Introductory Open Access APC option at PeerJ

Update: For the latest prices visit the pricing page

We’re pleased to announce that from today, researchers will have the option to pay an introductory (U.S.) $695 per article fee (APC) to publish in PeerJ, the award winning peer-reviewed Open Access journal in biology, medicine, and the life sciences. This option will also be available to the new PeerJ Computer Science journal. This represents one of the lowest APCs amongst similar classes of Open Access journals in academia.

Notice that we said “the option of an APC.” That’s because researchers still have the choice of purchasing one of our low cost Membership Plans. So, why the addition of a fixed APC charge? We have three reasons:

  1. A surprising number of government and institutional researchers are prohibited from holding multi-year or personal memberships (or at least obtaining reimbursement for them). This means researchers are either paying out of pocket or forgo publishing in journals like PeerJ that only offer memberships. For these researchers, the only available option when it comes to paying for Open Access is often a per article fee, i.e. the APC.
  2. Our Mission is to make publishing high quality Open Access as cost efficient as possible for researchers. With this low cost APC, papers that have a large number of authors do not need to worry about spending as much money – they’ll potentially be saving hundreds of dollars compared to the Membership price for each author.
  3. Not everyone wants the Membership or to convince their co-authors to buy one. We recognize that a simple fixed fee that the APC represents is easier to explain to others or receive funding reimbursement.

We’ve priced the APC to be amongst the lowest in the industry for the class of service researchers are provided with at PeerJ. It is hundreds of dollars, even thousands, less than comparable multidisciplinary journals charging $2,000 – $5,000 for Open Access. We’re able to charge less because we’ve built our publishing platform in-house, and refine it continuously to create one of the most efficient workflows for publishing academic research. In short, it takes less time and human effort to publish the same quality of peer-reviewed research at PeerJ than elsewhere.

Despite the lower cost, we aim to have first decisions back quickly (currently a median time of ~24 days), a thorough yet courteous peer-review process, and a professionally designed modern PDF and HTML article. It is all indexed in PubMed, PubMed Central, Web of Science, Google Scholar, Scopus and more.

We want to thank the thousands of author members who have already published at PeerJ and we hope that you’ll continue to spread the word about the tremendous level of service you’ve experienced.  Please tell your colleagues about the value of PeerJ to science, so that we can keep Open Access pricing as low as possible going forward. PeerJ can only continue with your support.

You may also like...

  • Pedro Silva

    English is not my native language, but “a thorough yet courtesy peer-review process,” sounds funny… Did you mean “a thorough yet courteous peer-review process,”?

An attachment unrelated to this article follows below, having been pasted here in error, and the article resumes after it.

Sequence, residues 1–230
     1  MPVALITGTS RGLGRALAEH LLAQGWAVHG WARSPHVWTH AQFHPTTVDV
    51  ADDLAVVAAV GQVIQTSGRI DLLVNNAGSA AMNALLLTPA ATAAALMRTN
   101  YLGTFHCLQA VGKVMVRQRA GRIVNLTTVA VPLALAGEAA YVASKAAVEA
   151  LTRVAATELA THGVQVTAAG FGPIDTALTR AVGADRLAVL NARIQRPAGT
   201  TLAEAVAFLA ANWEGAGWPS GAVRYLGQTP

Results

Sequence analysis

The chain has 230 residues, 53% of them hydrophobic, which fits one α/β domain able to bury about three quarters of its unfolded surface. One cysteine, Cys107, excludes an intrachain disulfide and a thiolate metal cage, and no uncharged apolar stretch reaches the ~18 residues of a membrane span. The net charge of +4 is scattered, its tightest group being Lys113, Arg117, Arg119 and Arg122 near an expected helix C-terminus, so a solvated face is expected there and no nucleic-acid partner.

• Thanks for catching the typo.

  • Ann Viera

    Well done PeerJ! One of our award-winning alumni working in government alerted me to the problems the “membership” model present to government employees described in reason #1 above. Keep innovating.

  • John G. Phillips

    I’m confused. I recently reviewed an article for PeerJ and they boasted something like a $140 cost per article charge. I don’t see why jacking up the price would cause any excitement.

    • Thanks John – the cost you are referring to is the price for an individual ‘Basic’ membership (per person), not a per-article charge.

      One of those memberships entitles an author to a certain number of free publications per year, for life, but each co-author on the paper needs to have a membership (i.e. the cost isn’t charged per article, it is per author).

      This newly introduced fee, of $695, is an additional option for those people who can’t buy memberships. It is a per article (‘APC’) fee and doesn’t provide the lifetime memberships to the co-authors.

      Both ways of paying are still in effect though (i.e. you can do one or the other, the ‘membership’ route is still there). See full info at:

  • Thomas Munro

    I was surprised and disappointed to learn that some governments and institutions will pay APCs but not multi-year or personal memberships. If anything, it should be the other way around – unlike APCs, submission and membership fees don’t create an incentive to accept papers. This policy is particularly backwards given that NIH and others are still paying author-side fees to toll-access journals (color charges etc). I would be interested to learn more details of this, e.g. which institutions refuse to pay memberships, and for what reason(s)? A post on this topic might help create pressure for more sensible policies.

    • Emma Friesen

      Having worked for state governments, I’m not at all surprised that personal memberships were not funded. Some government departments seem very wary of funding anything that could be seen to benefit an individual employee over other employees, or at the expense of service delivery to citizens. In some government departments, employees can’t access funds for continuing professional development or professional registration, even where these are mandatory for practice.